I have been debating about writing this post for the last several days.
It’s not something I wanted to share, but many of you know our dog Daisy. Joel and I have talked about it and decided to share. Partly because we also wanted to warn people about a risk for their dogs, and because you may wonder why we don’t blog any new pictures of Daisy.
So here goes –
Wednesday afternoon, Joel let Daisy out for a bathroom break. She didn’t come right back, even after calling her. Joel went out to look for her, as this wasn’t typical behavior for her. After driving around the neighborhood for a while, he came back home without her. He walked around our yard calling for her and realized that there were some terrible noises coming from the neighbor’s yard. He followed the sound and found Daisy caught in a large trap. He tried to get her released, but those traps aren’t meant to be opened by a person with no knowledge about opening them. He had to go for help. He knew her jaw was broken, but wasn’t sure about her neck. The vet clinic happens to be a couple of minutes from our house, so they were able to come and help. They sedated her and began to work on getting the trap off. It took all three of them, and a lot of adrenaline on Joel’s part, to get the trap off her head. Once she was loose, they brought her to the vet clinic for x-rays. The x-rays revealed the worst – that her neck was also broken. They put her to sleep and Joel is having her cremated. He plans to spread her ashes at their favorite hunting spots – in North Dakota and at his buddy’s land down by Prinsburg.
Daisy was a special dog. According to Joel, she was the best hunting dog he ever had, and more importantly, an even better pet. She had a really good disposition – so friendly and personable. Daisy was an important part of our family, and watching Carter play with her was so fun. He would squeal with delight when he got to pet her. We are dissapointed that he will not get to grows up with her. Her absence leave an empty void in our home and in Joel’s life. A good friend of Joel’s nicknamed her “The Love Machine” because she loved people, receiving affection from people and giving it. In fact, she gave pretty good hugs!
One of my favorite blog posts happens to be about Daisy. You can click here if you want to read it. The photos will tell you more about her personality than my words ever could. She was also a good hunter and she and Joel shared a special bond because of their mutual love of hunting. Another one of my favorite posts includes Daisy and gives you a little glimpse into her favorite hobby – pheasant hunting.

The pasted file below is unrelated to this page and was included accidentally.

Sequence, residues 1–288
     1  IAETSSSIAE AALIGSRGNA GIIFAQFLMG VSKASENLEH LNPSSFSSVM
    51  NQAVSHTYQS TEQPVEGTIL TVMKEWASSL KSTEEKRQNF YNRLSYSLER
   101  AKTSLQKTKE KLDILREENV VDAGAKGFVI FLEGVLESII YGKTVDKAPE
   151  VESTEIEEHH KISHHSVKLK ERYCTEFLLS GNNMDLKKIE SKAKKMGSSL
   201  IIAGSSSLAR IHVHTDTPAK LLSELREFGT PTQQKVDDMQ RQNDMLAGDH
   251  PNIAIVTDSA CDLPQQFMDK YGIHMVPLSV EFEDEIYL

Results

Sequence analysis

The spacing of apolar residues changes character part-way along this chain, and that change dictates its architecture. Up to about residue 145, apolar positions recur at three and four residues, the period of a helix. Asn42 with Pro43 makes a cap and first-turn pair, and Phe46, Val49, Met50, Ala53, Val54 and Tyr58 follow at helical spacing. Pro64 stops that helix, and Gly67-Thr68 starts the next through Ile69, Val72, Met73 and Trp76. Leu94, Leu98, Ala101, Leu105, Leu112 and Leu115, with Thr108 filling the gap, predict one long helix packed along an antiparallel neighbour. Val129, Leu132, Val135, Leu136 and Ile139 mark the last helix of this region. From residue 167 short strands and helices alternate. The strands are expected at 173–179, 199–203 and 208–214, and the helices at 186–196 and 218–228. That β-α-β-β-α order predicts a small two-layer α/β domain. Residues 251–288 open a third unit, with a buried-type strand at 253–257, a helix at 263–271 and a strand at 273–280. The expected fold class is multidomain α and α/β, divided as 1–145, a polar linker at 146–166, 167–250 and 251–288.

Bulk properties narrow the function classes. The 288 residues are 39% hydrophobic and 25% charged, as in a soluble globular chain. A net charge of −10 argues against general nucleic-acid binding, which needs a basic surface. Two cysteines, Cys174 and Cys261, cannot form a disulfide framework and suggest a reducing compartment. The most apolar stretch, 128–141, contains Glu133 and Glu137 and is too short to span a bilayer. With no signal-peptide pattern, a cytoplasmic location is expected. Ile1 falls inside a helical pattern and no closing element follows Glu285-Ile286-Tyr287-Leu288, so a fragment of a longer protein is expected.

But, no matter how special we happen to think she was, or if she had been a random, homeless dog, she never should have had to suffer so. We both feel terrible that she was in that trap for over an hour. The trap is called a Connibear 200. They are legal to use in some states, including Minnesota. But, we were told they are not currently legal to use in Minnesota right now, because it is not trapping season. They are legal to use on public hunting land and do not require a special marking so that you know they are there. They are designed to kill small animals quickly, unlike the old leg traps that an animal could live in for quite some time. It has become an issue of concern for many people, because of how many dogs are killed in these traps.
If you are like us, and hike or snowshoe on public hunting land or other state lands where trapping is legal, you need to know about these traps. We have since found out that there is a special technique for releasing the trap. If you are interested, you can read about it on this website. (Some of the websites showing how to release your dog are pretty graphic — just an FYI.) Hopefully you will never need to use it, but you never know. From what Joel has read, you have to know how to release them quickly if you want to save your dog.
I don’t mean to be a pot stirrer with this post, as I know it’s a controversial issue. We just wanted other dog owners to be aware of the risk. If this happens to your dog and you can release them quickly, you might have a chance of saving your dog.
Sorry to be the bearer of bad news. On the brighter note, we are grateful that Carter, or any other child, wasn’t the one to find the trap.
Many of you have said such nice things about Daisy in the past and we have so enjoyed reading your comments. I know many of my readers are dog lovers and your words will be an encouragement right now, especially to Joel.
Good-bye Daisy. You will be missed!